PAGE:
Drugged driving : a review based on the experience in Norway.
20040164 ST [electronic version only]
Christophersen, A.S. & Morland, J.
Drug and Alcohol Dependence, Vol. 47 (1997), No. 2 (August), p. 125-135, 63 ref.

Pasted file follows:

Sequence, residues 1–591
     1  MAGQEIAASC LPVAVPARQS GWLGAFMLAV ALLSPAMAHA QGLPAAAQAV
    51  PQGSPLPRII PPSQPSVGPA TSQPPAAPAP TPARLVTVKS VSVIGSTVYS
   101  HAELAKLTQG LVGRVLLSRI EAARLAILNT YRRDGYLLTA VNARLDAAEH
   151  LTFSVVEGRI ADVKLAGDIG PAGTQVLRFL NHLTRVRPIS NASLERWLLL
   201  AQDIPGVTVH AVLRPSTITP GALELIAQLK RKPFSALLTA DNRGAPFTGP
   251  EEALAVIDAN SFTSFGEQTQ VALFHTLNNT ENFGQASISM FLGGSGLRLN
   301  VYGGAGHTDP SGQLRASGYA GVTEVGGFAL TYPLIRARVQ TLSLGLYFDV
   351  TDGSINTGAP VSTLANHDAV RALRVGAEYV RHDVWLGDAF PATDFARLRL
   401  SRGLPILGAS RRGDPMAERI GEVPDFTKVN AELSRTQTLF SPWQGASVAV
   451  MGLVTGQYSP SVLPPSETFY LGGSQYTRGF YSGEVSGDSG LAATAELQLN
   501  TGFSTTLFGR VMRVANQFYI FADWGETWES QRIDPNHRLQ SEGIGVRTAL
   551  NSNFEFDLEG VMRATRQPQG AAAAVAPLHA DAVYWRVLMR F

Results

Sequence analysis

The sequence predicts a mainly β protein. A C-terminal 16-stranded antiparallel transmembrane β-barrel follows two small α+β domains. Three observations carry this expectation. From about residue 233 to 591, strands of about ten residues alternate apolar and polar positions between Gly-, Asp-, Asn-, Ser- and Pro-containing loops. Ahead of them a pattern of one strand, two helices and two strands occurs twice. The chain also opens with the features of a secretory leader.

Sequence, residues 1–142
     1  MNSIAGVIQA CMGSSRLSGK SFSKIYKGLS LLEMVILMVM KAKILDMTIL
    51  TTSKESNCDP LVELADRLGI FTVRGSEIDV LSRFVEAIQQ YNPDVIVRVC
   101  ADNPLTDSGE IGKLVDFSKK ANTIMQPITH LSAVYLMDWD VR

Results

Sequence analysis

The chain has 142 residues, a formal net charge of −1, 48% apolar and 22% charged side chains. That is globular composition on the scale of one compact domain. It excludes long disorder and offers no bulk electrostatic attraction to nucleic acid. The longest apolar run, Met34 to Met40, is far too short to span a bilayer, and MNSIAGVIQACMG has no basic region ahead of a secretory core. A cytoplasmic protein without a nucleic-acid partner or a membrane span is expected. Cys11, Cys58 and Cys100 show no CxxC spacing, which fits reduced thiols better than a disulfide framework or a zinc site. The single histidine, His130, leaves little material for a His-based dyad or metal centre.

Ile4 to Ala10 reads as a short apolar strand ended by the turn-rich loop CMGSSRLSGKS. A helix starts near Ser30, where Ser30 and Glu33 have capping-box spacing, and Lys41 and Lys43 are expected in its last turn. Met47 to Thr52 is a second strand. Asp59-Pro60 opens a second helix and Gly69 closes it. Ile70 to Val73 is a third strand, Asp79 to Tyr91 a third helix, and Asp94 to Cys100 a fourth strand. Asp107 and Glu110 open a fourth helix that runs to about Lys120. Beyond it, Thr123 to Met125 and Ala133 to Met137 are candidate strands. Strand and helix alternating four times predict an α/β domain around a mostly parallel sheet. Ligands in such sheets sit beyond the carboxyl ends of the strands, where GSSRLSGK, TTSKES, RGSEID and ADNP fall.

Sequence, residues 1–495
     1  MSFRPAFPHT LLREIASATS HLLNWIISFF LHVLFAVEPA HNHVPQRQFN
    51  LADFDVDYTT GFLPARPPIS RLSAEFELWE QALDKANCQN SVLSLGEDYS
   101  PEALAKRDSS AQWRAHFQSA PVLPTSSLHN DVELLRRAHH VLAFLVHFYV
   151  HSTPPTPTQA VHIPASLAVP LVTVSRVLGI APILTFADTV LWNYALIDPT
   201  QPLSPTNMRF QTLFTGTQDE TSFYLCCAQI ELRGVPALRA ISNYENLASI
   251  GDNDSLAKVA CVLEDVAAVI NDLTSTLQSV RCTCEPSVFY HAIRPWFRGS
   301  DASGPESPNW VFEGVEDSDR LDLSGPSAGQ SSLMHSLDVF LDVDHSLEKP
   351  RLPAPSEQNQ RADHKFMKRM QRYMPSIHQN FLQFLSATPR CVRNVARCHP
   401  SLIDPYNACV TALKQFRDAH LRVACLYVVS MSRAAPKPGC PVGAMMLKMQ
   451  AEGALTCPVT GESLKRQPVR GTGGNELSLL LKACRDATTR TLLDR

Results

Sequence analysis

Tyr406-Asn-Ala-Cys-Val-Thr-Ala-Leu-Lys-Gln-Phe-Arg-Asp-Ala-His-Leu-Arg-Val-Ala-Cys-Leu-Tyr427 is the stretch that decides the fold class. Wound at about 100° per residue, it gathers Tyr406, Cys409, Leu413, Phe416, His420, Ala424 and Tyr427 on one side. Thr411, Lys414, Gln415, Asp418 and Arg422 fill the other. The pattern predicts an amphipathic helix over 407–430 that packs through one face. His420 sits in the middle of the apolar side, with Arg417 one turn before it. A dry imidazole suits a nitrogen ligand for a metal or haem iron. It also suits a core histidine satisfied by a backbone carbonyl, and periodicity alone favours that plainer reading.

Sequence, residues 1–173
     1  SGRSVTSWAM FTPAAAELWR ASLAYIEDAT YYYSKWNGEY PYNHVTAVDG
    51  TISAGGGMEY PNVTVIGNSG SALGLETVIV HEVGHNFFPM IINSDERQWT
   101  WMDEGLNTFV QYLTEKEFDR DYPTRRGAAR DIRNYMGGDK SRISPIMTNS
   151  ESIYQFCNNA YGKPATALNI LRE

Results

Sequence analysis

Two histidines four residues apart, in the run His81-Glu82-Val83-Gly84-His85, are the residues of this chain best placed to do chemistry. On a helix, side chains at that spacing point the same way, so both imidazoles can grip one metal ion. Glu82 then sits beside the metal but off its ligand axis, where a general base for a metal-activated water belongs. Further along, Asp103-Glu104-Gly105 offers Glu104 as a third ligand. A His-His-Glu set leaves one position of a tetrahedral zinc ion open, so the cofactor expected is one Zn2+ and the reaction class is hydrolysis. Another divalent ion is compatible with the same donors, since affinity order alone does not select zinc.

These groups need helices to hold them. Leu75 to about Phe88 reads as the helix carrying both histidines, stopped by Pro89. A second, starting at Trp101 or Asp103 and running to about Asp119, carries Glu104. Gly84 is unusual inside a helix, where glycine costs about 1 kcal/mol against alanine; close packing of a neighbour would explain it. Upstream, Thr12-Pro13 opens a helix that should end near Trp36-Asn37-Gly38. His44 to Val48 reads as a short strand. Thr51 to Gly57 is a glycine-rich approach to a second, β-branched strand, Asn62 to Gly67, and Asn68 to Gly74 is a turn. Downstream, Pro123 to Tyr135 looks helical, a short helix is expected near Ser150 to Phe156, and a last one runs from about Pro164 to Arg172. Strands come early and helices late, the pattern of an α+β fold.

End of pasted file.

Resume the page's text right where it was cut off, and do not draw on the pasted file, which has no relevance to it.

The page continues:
|Samenvatting||Since 1959, the Norwegian Road Traffic Act has prohibited driving under the influence of drugs other than alcohol. On suspicion, the police request a clinical examination from any driver, as well as blood analyses for illegal and prescribed drugs affecting driving performance. During the last few years, there has been a marked increase in the number of drivers suspected of be influenced by drugs (1983, n=900; 1995, n=3329). The most commonly detected drugs are tetrahydrocannabinol, amphetamine, benzodiazepines and opiates. Multi-drug use is frequently found (>60%). The occurrence of amphetamine (1991, n=216; 1995, n=937) and heroin (1991, n=19; 1995, n=172) has increased considerably. The frequency of drugged drivers apprehended in roadside traffic appears to be at least 10-fold higher in Norway than most other countries. This is probably mainly due to differences between national road traffic acts and the level of attention to the problem, and not to national differences in the prevalence of drugged driving. (Author/publisher)|
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